Selling CX to CEOs: Quantifying the impact of CX
Recently, I had a chance to glean over a war marvel of 52 BC, Wall of Alesia, that exacted me to think of Customer Experience Measurement. Battle of Alesia was fought in Gallic Oppidum of Alesia between Julius Caesar and the invincible native tribe. The apparently impossible terrain was won by Caesar by constructing a fortification eighteen kilometer long and four meter high.
It is a classic example of using an integrated framework and creation of measures to win a war. This helped Caesar and the army to track every move of the enemy and deploying the resources accordingly.
CX today and measurement
Similarly, Customer Experience Measurements though looks simple, can also be intriguing. This is be because Customer Experience is not a function, rater it is intertwined subtly across spans and layers of the organization
Taking a cue from the wall of Alesia, even the winning corporates today, though subtle many times, have reckoned on some framework to succeed. Citing the example of Google, the most successful organization today, they depend on eight Innovation Pillars. This brings us to a point where it becomes imperative to work on an integrated framework that can ensure excellence in Customer Experience Management in perspective of current business environment.
CEMEX 9c3i is such a framework developed by the author for managing Customer Experience along with standard measures
CEMEX – 9c3i Framework
It is a generic integrated framework for Customer Experience Management (Refer Fig below).
(Click to enlarge)
The framework works on the following premises:
- Customer Experience needs to be created across LIFECYCLE.
- The OBJECTIVEs are the opportunities to create a stream of experiences at various points within lifecycle culminating in CRESCENDOS (=Where Customers experience the maximum delight).
- Defined INTERFACES with internal functions provide the impetus to a seamless experience.
- ACCELERATOR of the framework is an Analytics system.
- BASE of the model are People (Capability and Engagement).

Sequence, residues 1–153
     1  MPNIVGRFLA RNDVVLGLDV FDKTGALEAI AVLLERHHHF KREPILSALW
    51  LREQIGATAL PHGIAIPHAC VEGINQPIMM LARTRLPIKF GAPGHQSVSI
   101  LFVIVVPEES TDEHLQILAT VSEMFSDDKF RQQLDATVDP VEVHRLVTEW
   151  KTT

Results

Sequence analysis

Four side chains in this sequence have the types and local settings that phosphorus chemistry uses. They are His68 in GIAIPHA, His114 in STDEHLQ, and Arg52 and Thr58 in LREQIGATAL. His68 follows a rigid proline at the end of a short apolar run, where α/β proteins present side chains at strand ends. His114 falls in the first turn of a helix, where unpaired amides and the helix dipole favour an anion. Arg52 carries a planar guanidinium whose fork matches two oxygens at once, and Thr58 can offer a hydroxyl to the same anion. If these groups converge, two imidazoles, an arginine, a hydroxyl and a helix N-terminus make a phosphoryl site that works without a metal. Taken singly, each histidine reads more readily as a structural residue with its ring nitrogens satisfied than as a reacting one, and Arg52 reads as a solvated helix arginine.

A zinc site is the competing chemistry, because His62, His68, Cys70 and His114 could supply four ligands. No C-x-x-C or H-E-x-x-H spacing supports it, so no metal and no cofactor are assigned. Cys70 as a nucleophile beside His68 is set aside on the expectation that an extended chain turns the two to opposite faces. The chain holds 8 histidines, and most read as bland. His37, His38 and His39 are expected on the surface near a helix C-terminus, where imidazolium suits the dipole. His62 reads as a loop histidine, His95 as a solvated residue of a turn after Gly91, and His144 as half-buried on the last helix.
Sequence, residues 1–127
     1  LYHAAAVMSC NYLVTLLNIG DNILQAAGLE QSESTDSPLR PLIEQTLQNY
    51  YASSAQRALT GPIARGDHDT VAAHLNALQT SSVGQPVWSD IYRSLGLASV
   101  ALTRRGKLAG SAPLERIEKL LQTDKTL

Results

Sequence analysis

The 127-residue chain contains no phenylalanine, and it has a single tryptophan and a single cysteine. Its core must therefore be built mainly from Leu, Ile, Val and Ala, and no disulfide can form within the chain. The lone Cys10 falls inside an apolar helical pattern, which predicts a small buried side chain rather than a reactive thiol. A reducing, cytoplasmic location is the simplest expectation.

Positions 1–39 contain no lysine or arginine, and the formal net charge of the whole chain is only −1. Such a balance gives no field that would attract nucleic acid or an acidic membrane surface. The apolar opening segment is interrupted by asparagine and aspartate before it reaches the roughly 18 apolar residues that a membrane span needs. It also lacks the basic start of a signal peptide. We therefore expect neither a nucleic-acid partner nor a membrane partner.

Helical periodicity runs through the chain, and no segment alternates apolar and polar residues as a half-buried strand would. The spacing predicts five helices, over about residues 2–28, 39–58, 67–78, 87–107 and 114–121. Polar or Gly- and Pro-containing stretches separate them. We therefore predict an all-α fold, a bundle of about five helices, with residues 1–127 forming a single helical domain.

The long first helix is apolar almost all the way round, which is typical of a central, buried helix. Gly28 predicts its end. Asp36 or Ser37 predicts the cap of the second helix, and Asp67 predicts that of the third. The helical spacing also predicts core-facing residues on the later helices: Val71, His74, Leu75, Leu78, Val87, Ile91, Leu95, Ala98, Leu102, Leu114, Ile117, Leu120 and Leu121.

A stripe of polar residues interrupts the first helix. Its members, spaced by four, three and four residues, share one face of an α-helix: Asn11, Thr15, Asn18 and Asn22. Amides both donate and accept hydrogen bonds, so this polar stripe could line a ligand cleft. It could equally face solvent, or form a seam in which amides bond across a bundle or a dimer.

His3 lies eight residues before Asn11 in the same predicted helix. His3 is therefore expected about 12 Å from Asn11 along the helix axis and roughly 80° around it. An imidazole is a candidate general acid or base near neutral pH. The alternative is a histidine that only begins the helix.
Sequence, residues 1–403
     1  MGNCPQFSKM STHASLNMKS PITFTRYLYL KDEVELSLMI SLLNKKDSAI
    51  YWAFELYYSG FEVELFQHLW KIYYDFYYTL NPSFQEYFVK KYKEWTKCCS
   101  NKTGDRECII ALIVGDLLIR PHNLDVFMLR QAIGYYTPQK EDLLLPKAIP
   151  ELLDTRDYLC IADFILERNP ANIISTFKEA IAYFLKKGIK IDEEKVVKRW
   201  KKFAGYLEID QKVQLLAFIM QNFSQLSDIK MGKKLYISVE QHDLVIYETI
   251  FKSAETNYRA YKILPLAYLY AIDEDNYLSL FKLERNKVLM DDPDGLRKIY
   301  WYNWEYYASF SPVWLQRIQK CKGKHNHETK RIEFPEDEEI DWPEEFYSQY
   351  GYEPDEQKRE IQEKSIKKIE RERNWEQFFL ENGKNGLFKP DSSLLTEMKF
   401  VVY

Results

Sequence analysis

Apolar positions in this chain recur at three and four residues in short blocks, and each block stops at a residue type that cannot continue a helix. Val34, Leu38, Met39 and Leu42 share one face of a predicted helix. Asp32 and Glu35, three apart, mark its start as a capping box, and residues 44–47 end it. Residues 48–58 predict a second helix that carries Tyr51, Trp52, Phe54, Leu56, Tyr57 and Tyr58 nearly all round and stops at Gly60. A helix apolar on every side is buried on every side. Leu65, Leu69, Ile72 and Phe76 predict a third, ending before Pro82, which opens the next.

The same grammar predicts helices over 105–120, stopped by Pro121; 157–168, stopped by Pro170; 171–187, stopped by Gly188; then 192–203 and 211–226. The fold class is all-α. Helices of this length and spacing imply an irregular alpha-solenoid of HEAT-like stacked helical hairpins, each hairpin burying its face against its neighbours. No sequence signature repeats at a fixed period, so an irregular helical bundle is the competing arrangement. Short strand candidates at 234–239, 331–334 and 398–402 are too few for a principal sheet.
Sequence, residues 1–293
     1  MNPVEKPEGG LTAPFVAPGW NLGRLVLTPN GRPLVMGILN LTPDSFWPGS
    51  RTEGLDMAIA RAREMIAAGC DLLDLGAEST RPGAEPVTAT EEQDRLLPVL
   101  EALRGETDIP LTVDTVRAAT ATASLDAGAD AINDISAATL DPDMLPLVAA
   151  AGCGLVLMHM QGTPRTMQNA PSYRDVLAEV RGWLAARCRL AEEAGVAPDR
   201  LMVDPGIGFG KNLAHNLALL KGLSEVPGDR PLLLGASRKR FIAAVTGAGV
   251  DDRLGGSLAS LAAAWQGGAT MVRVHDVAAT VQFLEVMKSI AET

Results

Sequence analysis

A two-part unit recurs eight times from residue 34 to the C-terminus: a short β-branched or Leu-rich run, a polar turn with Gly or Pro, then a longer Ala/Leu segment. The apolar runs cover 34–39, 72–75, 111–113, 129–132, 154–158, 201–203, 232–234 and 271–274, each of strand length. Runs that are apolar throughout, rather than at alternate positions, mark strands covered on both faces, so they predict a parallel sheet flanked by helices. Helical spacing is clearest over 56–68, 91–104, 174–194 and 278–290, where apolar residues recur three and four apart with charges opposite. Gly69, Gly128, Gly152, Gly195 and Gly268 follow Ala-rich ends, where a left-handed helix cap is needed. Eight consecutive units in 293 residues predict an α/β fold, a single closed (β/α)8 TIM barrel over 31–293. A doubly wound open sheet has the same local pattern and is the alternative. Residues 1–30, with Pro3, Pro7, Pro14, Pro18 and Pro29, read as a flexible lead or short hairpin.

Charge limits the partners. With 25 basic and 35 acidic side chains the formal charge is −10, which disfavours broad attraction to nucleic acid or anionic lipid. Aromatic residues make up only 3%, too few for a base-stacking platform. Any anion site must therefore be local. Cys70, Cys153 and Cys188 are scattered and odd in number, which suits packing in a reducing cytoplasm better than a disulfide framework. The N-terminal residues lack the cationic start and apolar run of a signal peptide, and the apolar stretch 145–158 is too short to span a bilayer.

The Lifecycle comprises three stages. Objectives are the opportunities.
Convert involves creating the Onboarding Experience. Experience aimed to be created across three stages – Communicate, Commit and Initiate. Care is when customer contacts the firm with his problem and comprises Compile, Comprehend and Illustrate. Coddle is when customer is contacted pro-actively and resembles a feedback loop. This comprises stages of Contact, Collect and Integrate.
This is the most critical part of the framework.
Each stage comprises two metrics, one Business Metric and another Experience Metric to measure the effectiveness of the framework. These are delineated below. It is important to note that these are reflective metrics and an organization can decide similar one to reflect the essence. For example, Set-up time represents the time from buy to product activation. The indicative list of the measures are as follows:
- Business Metrics – Conversion
- Experience Metric – Set-up time
- Experience Management
- Business Metrics – Repeat Sale
- Experience Metric – Defect Rate
- Relationship Maintenance
- Business Metrics – Retention
- Experience Metric – Referral
Overall effectiveness of the framework can be measured by the following metrics:
- Business Metrics – EBITDA
- Experience Metric – TNPS
- Further metrics can be created at individual levels stemming from the metrics defined above.
Customer experience is complex and putting it within a structured ambit is always challenging. While a framework like this provides generic guidance to help an organisation to become pragmatic by focusing on the right ingredients, it further entails consistent effort, smart work, and being creative beyond a defined boundary.
If this analogy can be brought here, this is similar to cooking with a recipe – while many people can follow the same recipe, the taste is never the same.